Why your clients can probably afford to pay you more
You are a business
By Chris Gillespie, founder of Find A Way Media
Freelancers of the world, it’s time to set down your MacBooks and fire your clients.
No, not all of them, and not immediately. But you do need to stop clinging to clients who don’t pay you what you’re worth. Your pay is not necessarily their fault – you may have undersold yourself. But if they aren’t willing to raise your rates, they’ll have to go.
You, my friend, are a business, and I happen to know that your clients can afford to pay you more.
Why freelancers undersell themselves
There’s a great disparity in what most freelancers accept and what companies are willing to pay. This is due to a psychological principle called “bracketing.” It’s something you learn about in sales, where I started my career. It works like this: All value is relative. If you’re used to paying $1,000 per month in rent, $2,000 is expensive. And if you’re used to $2,000, $3,000 seems high.
As a freelancer, you’re very likely basing the amount you charge your clients on things you personally pay for. A coffee is small, a dinner is medium, and rent is big. You might rejoice if a client is willing to pay “big,” but you’ll accept medium. But companies work differently.
Companies operate on a larger scale than most freelancers can imagine. I should know. I used to sell marketing software to businesses in packages ranging from $5,000 to $20,000 per month. I worked with marketing executives who thought in blocks of 10. As in, how many multiples of $10,000 is something worth? This knowledge has seeped into how I price my work as a freelance writer.
When I negotiate with clients – the very same marketing executives who can afford pricey software – I “bracket” my expectations in terms of what they think things are worth. And as a result, I charge two to three times as much as my peers for similar projects. Companies are happy to pay these rates because the quality justifies it. But I only get there because I know to ask.
How to ask for what you’re worth
Asking for more than you in your heart of hearts believe you are worth is supremely difficult. I know it. I’ve been there, nervously hunched over the phone, voice pealing with fright, afraid the client might simply hang up. Yet there are tricks to overcome this fear:
- Rethink your brackets - Whatever bracket you think is “fair,” can be changed. I was conditioned to think in terms of business pricing through exposure in sales. Find a way to get exposed. Talk to your friends who aren’t freelancers – especially those in accounting or finance – about their companies’ spending habits. Look at what big marketing and advertising agencies like Ogilvy and Huge charge for services similar to yours.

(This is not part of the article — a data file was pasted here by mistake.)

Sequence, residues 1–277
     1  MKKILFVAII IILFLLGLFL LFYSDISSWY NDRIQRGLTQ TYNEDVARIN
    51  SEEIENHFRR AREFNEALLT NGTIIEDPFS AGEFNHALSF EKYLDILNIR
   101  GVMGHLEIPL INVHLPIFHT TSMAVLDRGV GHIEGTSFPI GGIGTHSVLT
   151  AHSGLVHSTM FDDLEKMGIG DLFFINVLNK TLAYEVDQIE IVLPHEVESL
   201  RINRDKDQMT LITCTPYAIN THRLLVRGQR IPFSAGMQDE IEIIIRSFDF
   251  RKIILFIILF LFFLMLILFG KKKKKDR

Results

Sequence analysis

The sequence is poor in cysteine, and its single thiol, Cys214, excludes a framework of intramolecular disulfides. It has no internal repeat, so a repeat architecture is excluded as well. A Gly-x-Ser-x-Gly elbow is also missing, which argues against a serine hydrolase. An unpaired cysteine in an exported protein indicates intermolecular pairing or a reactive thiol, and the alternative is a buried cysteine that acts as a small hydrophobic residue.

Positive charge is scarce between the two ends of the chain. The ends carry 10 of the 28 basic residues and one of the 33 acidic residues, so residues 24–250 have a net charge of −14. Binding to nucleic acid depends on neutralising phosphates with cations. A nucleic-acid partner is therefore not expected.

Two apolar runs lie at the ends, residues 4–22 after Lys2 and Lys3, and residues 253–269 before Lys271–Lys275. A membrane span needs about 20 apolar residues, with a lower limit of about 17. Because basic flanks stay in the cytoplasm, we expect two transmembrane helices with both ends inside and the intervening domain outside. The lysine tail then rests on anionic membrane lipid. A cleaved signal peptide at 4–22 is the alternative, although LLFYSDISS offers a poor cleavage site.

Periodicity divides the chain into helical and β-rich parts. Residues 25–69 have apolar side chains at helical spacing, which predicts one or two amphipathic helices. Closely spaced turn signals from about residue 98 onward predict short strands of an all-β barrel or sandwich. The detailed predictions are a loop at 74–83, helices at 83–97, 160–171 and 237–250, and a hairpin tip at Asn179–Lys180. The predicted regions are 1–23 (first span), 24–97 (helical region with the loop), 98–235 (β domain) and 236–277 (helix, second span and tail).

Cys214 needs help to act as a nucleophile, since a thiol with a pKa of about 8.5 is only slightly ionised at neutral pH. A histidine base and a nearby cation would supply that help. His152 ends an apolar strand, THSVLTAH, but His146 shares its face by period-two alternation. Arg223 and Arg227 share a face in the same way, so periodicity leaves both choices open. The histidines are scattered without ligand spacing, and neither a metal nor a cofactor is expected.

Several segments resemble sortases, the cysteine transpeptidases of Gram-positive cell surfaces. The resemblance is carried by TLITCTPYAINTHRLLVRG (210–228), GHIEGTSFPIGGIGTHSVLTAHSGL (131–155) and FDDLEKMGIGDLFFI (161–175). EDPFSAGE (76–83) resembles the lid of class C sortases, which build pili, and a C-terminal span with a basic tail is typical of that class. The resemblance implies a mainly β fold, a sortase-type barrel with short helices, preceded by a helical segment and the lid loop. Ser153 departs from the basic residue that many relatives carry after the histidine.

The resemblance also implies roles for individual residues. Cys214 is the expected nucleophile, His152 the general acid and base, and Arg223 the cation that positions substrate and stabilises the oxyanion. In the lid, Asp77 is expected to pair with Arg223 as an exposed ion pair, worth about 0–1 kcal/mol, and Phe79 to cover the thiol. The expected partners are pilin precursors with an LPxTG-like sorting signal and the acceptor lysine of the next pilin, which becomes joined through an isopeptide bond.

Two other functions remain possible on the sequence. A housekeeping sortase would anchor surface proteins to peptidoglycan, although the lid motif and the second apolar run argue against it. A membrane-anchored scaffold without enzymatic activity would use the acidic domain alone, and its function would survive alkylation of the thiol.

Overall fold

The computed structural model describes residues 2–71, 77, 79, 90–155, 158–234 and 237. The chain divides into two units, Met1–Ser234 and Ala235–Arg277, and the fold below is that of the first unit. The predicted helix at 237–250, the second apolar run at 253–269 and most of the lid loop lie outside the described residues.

- Take improv classes - Strange, I know, but a favorite tip of mine. Improv works wonders at loosening you up for talking to people on the phone and negotiating.
- Write down your new rates and stick to them - You’ll be tempted to modify your rate on-the-fly based on your client’s reaction. Resist the urge. Write down your numbers and stand firm.
- Ask for more than you want - This is practically the first rule in all negotiations: If you want $1,000, ask for $1,250. Only two things can happen: the customer asks for a discount and you end up with what you originally wanted or they say yes and you get more than you expected. Plus, if you do offer the customer a discount, they’ll value your service more highly than if you hadn’t. They’ll be thrilled to get a “deal.” If they balk and buy nothing, no sweat. That wasn’t a client you wanted anyway because they can’t afford to pay you what you’re worth.
Nothing worth doing is ever easy
It takes tremendous effort and serious courage to stand up and ask for more money. It will push you beyond your comfort zone. But I can tell you from experience that more often than not, you’ll be met with little to no resistance. Countless peers have tried this and reported having an epiphany – the only thing holding them back was their own self-limiting belief about not being worth it. But you know who didn’t share that belief? Their clients, many of whom, rather than be fired, happily paid more.